Farmlands on the Essequibo Coast continue to be affected by flooding, the result of persistent rain over the weekend and poor drainage as a few sluices and pumps are not in operation.
The situation is causing much concern for rice farmers on the Essequibo Coast as several acres of young rice plants are covered by water and if it does not drain off soon farmers would suffer losses.
Regional Chairman Devanand Ramdatt yesterday told Stabroek News that they are using all of the manpower and resources available to address the situation. He stated that for the past two weeks a sluice door at Andrews, Essequibo Coast had been down and he had expressed his concern to the Regional Engineer and Regional Executive Officer but did not receive any update as to whether the door was fixed.
He also added that several main drainage canals were “silted up” resulting in slow drainage of the water. He pointed out that despite clearing the canals prior to the flood they continued to contain silt.
The chairman added that an engineer from the National Drainage and Irrigation Authority (NDIA) was in the region and made recommendations to regional engineers to remedy problems with sluices and pumps.
Areas affected by the flooding are Lima, Windsor Castle, Hampton Court, Sparta, Better Success, Henrietta, Richmond and Evergreen.
Regional Councillor Sham Persaud told Stabroek News that rainfall ceased on Wednesday but should the rain continue rice farmers would suffer tremendously. He said that approximately 2000-3000 acres of young rice plants are under water.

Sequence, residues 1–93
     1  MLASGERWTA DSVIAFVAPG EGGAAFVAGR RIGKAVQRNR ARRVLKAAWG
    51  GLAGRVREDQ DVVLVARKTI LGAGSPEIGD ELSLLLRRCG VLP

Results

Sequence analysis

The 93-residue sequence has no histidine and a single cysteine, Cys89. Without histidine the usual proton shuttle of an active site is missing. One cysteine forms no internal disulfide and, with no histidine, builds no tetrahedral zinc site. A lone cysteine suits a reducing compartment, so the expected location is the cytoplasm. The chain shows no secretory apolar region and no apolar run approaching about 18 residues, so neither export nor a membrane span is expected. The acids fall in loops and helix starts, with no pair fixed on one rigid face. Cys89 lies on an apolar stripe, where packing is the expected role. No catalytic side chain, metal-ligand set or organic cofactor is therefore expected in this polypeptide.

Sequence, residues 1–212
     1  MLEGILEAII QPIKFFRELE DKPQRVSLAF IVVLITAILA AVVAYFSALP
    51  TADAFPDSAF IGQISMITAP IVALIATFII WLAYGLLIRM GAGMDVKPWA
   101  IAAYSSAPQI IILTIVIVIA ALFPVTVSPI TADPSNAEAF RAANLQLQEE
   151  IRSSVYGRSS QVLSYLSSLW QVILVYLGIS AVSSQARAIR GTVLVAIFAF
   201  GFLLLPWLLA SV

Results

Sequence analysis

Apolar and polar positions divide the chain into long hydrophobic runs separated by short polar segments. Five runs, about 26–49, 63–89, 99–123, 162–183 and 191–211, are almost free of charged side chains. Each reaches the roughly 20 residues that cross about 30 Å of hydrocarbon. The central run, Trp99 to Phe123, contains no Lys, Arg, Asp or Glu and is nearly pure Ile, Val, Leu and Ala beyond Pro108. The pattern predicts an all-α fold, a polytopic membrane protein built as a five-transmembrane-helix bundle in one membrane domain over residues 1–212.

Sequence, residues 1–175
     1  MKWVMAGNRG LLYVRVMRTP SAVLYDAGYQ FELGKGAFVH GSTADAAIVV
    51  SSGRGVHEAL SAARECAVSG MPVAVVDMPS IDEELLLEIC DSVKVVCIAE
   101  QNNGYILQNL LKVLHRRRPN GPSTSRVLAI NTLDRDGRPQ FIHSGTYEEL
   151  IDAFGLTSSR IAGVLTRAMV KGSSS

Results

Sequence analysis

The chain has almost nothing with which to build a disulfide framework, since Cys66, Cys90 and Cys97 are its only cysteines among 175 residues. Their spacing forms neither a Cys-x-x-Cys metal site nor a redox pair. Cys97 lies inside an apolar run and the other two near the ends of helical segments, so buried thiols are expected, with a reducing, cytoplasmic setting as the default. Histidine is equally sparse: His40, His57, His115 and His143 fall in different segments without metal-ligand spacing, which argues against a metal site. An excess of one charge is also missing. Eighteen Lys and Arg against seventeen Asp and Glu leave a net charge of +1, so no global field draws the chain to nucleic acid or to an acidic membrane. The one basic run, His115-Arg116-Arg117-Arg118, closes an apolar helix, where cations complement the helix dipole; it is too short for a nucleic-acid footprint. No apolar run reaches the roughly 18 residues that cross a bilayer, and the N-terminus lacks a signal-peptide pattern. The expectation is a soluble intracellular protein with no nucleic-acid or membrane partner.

It was explained that in some areas there was no differentiation between the trench and the fields as a result of the excess water on the land.
Persaud explained that a sluice door at Better Success has been faulty and was still to be fixed. Because of this they are unable to open the door at the recommended level for the water to flow out. “The wood on the doors just shaky… It needs to be replaced… We have been asking for the door to be remedied but nothing is being done or if they do it they move slow,” Persaud said referring to the Engineer’s Department of the Regional Democratic Council.
The councillor said that workers from the Drainage and Irrigation Department were “very slow” when orders were given by council. “The workers move carefree we are tired of complaining but nothing is being done,” Persaud said.
Persaud added, “The security system for the pump is corrupt in the sense that we have for some time now have had issues of fuel designated for use on the pump being stolen and resold… A pump attendant lives right next to the pump house when we asked for him to be moved they said that there is a shortage of staff.”
According to Persaud, the pump attendant would at times indicate they are not working. “If these people at the pump work and bring issues to our attention the flooding could have been reduced by now but they are not cooperative.”
Meanwhile, the regional chairman said he had not received any reports of losses as a result of flooding in residential communities. He stated that residential areas suffered minimum flooding.